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The Open

17th July 2006

The British Open is the most compelling of the four men's majors. Here are a few things that might whet your appetite for this week's championship at the Royal Liverpool Golf Club in Hoylake, England.

For starters, it's not even proper to call the championship the British Open -- it's the Open Championship. It's not the championship of Britain. It's not the championship of any place, anywhere. It's simply open to all who qualify. That's also true of the U.S. Open, but it's clearly the championship of the United States. Not the Open. It's the Open.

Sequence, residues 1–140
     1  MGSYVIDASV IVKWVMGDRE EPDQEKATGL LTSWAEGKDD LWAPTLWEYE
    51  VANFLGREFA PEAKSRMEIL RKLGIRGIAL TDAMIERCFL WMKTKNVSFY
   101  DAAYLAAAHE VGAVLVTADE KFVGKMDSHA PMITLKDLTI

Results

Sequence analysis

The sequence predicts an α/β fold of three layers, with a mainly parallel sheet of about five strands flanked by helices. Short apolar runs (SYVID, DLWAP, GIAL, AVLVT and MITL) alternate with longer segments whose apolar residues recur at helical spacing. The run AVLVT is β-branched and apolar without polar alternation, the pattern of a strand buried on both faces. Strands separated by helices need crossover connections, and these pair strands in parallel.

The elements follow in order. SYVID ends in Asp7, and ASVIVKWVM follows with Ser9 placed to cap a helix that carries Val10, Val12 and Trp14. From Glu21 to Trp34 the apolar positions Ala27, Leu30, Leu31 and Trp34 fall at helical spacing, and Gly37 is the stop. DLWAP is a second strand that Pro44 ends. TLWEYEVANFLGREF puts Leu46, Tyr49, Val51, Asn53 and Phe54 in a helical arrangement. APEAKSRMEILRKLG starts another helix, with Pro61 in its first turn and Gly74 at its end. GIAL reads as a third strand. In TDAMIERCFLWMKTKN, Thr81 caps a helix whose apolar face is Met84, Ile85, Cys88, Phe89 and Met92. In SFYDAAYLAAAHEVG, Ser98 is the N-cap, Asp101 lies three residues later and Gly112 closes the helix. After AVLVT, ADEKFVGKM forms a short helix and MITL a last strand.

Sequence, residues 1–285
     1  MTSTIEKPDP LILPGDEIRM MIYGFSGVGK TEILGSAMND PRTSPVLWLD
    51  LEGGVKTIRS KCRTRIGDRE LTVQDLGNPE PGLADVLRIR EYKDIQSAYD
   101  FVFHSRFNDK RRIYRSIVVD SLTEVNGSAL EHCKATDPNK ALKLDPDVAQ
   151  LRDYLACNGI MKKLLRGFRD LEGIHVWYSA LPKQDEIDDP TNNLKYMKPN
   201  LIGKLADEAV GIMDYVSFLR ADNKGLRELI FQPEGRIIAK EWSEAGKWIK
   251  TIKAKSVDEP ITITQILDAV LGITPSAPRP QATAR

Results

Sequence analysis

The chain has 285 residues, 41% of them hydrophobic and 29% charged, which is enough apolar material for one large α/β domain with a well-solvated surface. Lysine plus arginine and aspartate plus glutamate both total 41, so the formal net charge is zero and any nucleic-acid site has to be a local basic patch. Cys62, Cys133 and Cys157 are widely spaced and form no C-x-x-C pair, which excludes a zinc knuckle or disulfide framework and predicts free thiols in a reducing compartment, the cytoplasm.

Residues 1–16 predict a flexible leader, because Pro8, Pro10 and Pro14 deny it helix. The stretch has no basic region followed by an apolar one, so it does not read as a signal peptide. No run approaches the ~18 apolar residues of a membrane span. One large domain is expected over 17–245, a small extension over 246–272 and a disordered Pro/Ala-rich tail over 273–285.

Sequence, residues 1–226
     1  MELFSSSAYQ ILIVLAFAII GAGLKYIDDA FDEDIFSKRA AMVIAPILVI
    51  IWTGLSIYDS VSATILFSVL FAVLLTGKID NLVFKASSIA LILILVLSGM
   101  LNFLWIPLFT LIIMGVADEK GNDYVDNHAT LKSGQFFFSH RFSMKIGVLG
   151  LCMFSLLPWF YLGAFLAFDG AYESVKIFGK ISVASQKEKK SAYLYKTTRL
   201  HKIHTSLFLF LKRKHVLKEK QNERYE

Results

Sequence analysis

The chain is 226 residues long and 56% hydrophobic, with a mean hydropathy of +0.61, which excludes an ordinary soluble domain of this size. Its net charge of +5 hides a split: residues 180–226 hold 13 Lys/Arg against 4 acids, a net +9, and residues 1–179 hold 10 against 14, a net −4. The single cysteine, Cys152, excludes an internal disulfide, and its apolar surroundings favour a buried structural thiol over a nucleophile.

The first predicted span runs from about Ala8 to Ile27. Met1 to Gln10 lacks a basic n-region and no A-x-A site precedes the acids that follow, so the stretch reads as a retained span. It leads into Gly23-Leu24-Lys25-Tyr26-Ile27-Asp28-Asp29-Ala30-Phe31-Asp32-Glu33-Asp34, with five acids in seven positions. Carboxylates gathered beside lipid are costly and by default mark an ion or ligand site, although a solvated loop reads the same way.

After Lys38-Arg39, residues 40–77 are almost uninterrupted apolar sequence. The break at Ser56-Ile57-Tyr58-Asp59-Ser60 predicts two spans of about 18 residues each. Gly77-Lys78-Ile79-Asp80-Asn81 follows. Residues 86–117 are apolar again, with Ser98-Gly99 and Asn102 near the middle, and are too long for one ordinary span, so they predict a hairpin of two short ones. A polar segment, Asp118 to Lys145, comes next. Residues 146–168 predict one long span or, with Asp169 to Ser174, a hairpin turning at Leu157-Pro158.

The Open is also the oldest of the majors, so it has more than a little history going for it. The Open started in 1860. Who knew that Old Tom Morris, who won in 1861-62, 1864 and 1867, had an older brother, George, who laid out the first course at Royal Liverpool, in 1869?

There's so much to learn and so much to anticipate when the Open is imminent.

Royal Liverpool, which most people call Hoylake, a town across the River Mersey from the city of Liverpool, hasn't been host of an Open since 1967. That was won by Roberto De Vicenzo. Within a year, the dignified Argentine signed for a four on the 17th hole in the final round of the Masters rather than the birdie three he'd made. The score stood, and De Vicenzo missed a playoff with Bob Goalby, who was declared the winner.

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